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Updated Jan 28, 2013 - 9:56 pm

College degrees becoming the norm, not the exception

It’s now a fact: A college degree has become normal.

So normal that 25 percent of retail employees have one. So do 17 percent of bartenders, 15 percent of taxi drivers and 14 percent of waiters. Go back to 1970 and only 1 percent of taxi drivers had a bachelor’s gegree. These numbers come from the Center for College Affordability in its report called, “Why are College Graduates Underemployed?”

Their basic finding: there are too many Americans with college degrees. As of 2010, there were almost 42 million Americans in the work force with a bachelor’s degree. That sounds like a great achievement, but there were less than 29 million jobs that actually required a college degree.

And of course, the gap keeps widening as nearly 70 percent of high school graduates enroll in college. By 2020, 31 percent of Americans will have a bachelor’s degree, but only 14 percent of jobs will require one.
That’s not to say there will be no job growth in the United States. There will be plenty, but most of the growth will come from industries that don’t require four-year degrees.

The Bureau of Labor Statistics predicted the top 30 areas of growth until 2020. On their list, four will require a bachelor’s degree or higher education levels. Those four: college professors (which implies the expansion of college as an industry), secondary teachers, doctors and accountants. The rest of the jobs will either require an associate’s degree, a high school diploma or nothing at all.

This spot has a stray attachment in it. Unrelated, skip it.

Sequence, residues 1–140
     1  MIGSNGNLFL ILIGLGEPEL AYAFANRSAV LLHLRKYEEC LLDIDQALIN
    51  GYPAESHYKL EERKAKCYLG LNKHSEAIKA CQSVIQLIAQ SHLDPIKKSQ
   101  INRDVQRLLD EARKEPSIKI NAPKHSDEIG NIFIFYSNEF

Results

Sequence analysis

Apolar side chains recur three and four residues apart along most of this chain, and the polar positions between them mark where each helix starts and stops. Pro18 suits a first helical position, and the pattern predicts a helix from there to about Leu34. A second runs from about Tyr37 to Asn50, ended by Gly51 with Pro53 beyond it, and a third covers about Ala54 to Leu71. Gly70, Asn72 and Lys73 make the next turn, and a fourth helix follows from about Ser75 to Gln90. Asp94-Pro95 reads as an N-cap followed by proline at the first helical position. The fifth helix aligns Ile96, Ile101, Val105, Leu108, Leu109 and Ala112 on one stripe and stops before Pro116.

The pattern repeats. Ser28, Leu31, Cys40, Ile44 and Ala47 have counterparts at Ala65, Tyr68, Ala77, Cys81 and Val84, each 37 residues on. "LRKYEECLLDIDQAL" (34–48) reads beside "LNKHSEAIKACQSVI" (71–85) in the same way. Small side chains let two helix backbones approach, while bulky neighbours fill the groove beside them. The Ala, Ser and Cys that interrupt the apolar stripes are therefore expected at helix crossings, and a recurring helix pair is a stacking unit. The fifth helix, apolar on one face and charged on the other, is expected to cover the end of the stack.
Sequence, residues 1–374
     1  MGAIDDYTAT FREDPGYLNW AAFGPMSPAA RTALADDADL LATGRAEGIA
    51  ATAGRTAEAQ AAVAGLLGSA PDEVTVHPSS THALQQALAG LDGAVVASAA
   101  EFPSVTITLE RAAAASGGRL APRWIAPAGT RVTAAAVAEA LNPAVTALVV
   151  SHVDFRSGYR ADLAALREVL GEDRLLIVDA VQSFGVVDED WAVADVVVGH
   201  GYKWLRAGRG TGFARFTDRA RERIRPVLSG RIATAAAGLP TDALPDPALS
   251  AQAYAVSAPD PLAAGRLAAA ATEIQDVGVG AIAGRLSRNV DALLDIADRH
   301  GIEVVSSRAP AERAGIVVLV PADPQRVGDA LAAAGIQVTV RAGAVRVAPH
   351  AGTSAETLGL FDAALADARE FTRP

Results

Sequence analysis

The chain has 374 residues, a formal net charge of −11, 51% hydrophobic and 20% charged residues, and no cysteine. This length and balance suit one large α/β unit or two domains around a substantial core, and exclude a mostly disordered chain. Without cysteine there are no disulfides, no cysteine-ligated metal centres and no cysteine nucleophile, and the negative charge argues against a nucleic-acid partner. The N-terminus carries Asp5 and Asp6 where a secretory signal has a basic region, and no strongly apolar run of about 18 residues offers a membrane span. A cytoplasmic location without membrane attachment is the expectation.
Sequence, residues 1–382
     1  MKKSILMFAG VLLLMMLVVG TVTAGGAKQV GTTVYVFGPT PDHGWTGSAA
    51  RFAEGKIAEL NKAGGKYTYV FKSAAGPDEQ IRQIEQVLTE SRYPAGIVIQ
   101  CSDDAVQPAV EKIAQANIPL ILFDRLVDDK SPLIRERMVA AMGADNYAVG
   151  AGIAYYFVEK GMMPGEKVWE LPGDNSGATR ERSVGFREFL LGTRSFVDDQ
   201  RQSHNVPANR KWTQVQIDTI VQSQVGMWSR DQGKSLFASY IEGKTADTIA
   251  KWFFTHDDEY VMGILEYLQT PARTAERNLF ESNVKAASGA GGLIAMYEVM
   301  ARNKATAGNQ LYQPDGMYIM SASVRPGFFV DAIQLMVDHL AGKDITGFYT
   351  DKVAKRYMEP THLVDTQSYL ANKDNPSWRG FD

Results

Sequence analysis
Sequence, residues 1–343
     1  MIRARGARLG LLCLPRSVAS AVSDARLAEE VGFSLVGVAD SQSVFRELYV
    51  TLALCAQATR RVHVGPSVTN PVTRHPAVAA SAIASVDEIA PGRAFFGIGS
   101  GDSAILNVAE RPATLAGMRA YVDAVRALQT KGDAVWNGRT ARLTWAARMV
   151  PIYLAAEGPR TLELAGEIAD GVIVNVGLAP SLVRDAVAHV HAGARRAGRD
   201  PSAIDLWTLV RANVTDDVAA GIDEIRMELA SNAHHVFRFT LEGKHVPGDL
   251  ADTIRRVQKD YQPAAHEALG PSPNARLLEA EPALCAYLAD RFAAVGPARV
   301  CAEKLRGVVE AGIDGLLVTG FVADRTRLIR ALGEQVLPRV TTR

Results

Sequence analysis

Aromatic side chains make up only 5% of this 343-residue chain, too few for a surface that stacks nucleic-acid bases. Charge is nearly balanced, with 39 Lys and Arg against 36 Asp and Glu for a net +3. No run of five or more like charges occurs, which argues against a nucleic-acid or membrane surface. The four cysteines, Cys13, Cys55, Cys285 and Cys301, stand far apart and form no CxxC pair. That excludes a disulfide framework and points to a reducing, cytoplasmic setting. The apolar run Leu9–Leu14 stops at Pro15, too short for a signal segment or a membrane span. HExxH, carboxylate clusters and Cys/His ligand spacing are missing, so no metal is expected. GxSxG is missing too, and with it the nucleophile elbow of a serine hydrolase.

Now is the time to ask this question: is a college education still worth it? For some it absolutely will be, for others it won’t be. Just because more people are graduating from college doesn’t mean there will be enough jobs to support all those degrees. Jobs are only created by economic activity. More graduates mean more competition, which in turn usually suppresses wages because there is a plethora of applicants. That’s not good news for anyone.

Right now, colleges and universities control the narrative. They say high school graduates must attend college. They will live a better life if they do. Politicians say the same thing. So do corporations. But are they doing us a disservice?

Right now, yes.

The current trends show the problems of underemployment getting worse. We owe it to our kids to be honest with them about it. Four-year degrees should be harder to get. The competition should start at the admissions process. There should be fewer of them. Four-year degrees should only be offered in fields that require them.

I don’t have all the answers, but I can read between the lines and the line we are on may very get us lost deep in the woods with no easy way out.

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